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2022-23 Film Series

The 41-year-old tradition of providing free screenings of international films for the Oklahoma City University community and our neighbors continues with this year’s film series. This may be the only place in town where you’ll get the chance to see these movies on a large screen.

Each screening begins at 1 pm on the second Sunday of each month during the academic year, and the screenings will take place in the Norick Art Center, 1601 NW 26th Street. Parking is available to the west and north of the building, and if you get here early you’ll be able to take in the art on display in the Hulsey Gallery. Also, please make plans to stick around after each screening to share your thoughts on the film.


This year’s slate of films features a variety of characters living with social and political forces beyond their control.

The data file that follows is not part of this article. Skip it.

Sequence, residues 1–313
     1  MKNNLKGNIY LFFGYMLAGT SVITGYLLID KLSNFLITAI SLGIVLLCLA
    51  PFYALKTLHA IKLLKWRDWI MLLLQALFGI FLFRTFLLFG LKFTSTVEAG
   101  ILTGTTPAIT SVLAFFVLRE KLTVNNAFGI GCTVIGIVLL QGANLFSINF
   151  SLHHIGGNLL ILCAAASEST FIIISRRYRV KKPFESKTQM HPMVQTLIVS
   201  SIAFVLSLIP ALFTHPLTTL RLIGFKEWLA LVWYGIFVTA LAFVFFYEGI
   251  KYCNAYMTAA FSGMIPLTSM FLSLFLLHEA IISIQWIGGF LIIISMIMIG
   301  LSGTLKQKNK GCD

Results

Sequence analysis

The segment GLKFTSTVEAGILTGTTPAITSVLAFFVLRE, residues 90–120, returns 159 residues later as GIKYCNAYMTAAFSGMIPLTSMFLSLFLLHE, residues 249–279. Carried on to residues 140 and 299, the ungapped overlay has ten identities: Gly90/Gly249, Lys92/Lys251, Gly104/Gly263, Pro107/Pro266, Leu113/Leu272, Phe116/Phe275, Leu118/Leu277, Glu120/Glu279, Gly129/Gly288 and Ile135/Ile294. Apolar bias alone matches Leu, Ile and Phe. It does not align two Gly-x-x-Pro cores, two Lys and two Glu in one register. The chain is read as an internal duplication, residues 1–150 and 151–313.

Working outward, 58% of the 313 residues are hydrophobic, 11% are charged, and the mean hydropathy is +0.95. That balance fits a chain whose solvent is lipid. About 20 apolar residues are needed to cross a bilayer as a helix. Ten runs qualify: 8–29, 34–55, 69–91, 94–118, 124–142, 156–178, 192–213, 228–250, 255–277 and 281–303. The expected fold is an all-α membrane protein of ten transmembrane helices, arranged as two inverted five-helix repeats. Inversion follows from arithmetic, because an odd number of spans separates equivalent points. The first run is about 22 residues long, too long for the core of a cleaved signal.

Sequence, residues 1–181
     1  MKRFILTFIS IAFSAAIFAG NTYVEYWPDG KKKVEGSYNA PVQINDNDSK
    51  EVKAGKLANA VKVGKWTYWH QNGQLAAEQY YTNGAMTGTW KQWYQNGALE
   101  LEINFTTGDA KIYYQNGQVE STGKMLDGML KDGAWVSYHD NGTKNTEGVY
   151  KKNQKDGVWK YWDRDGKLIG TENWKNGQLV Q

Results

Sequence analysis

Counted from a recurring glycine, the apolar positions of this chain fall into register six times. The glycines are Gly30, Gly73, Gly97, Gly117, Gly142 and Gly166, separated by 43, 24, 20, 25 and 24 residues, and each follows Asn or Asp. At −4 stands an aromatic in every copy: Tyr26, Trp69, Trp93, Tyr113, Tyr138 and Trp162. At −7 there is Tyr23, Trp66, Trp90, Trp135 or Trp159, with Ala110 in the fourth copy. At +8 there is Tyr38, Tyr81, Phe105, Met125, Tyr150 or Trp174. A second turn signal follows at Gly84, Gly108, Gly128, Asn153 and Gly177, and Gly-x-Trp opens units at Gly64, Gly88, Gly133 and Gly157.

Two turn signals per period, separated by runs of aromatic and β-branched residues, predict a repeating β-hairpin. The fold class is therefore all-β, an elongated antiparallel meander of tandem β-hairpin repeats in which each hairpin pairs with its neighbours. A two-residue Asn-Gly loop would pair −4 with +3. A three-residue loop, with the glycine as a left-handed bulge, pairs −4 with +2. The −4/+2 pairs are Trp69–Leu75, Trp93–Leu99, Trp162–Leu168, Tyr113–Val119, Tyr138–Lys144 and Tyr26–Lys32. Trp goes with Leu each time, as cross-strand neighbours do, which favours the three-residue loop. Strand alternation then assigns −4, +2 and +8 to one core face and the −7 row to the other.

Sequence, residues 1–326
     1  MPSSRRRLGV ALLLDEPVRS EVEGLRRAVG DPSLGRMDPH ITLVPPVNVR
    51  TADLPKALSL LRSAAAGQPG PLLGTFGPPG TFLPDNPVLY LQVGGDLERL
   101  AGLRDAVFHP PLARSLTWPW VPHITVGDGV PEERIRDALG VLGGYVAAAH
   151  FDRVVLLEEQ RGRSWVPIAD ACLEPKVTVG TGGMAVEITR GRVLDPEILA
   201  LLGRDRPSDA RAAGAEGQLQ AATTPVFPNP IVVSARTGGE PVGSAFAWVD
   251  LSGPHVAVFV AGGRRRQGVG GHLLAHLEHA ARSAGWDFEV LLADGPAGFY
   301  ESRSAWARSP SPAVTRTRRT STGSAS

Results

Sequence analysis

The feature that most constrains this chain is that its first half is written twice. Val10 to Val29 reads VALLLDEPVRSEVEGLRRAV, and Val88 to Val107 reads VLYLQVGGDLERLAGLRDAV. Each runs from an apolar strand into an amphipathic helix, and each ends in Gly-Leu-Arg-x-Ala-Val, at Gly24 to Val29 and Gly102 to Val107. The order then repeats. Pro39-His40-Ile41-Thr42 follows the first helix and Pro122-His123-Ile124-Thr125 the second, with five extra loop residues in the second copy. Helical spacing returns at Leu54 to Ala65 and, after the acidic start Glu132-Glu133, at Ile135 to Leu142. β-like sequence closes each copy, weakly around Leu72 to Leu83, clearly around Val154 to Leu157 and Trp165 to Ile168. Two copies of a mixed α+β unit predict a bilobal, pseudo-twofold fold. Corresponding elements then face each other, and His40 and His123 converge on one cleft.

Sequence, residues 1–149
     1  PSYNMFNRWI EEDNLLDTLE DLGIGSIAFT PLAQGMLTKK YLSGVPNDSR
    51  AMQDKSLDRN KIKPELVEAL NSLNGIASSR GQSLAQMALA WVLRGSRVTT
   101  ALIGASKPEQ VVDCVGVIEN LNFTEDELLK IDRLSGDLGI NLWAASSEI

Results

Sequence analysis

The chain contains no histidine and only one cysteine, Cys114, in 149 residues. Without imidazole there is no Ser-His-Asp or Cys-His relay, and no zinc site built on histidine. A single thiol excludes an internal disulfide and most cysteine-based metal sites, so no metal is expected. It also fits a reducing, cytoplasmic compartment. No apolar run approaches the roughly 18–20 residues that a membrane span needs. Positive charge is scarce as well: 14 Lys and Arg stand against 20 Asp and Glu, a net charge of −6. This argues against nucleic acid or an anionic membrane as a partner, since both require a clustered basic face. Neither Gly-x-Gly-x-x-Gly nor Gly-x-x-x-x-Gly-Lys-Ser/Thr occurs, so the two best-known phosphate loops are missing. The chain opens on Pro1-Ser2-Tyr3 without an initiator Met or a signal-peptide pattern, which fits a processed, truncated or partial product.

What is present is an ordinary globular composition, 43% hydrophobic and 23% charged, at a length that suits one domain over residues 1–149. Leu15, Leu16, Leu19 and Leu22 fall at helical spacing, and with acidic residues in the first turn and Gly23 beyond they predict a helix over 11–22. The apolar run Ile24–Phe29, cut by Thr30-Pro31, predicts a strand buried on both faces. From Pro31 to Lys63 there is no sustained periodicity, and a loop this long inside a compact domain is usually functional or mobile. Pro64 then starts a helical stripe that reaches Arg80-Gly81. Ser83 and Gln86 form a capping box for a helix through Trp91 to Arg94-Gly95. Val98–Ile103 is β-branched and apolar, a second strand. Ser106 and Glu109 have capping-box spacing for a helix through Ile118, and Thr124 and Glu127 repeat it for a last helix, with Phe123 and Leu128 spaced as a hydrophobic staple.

Still image from Beans

September 11


Directed by Tracey Deer

Canada • 2020 • 1h 32m

Tekehentahkwa, a young native girl nicknamed Beans, navigates adolescence during a pivotal moment in Canadian history: The Oka Crisis of 1990. This debut feature from Mohawk director Tracey Deer is loosely based on her own experience growing up on the Kahnawake reserve near Montreal. It was shown at the Toronto International Film Festival where Deer won the TIFF Emerging Talent Award. The cast includes D’Pharoah Woon-A-Tai and Paulina Alexis, two indigenous actors who also perform in the TV series Reservation Dogs.

Still frame from La Llorona

October 9

La Llorona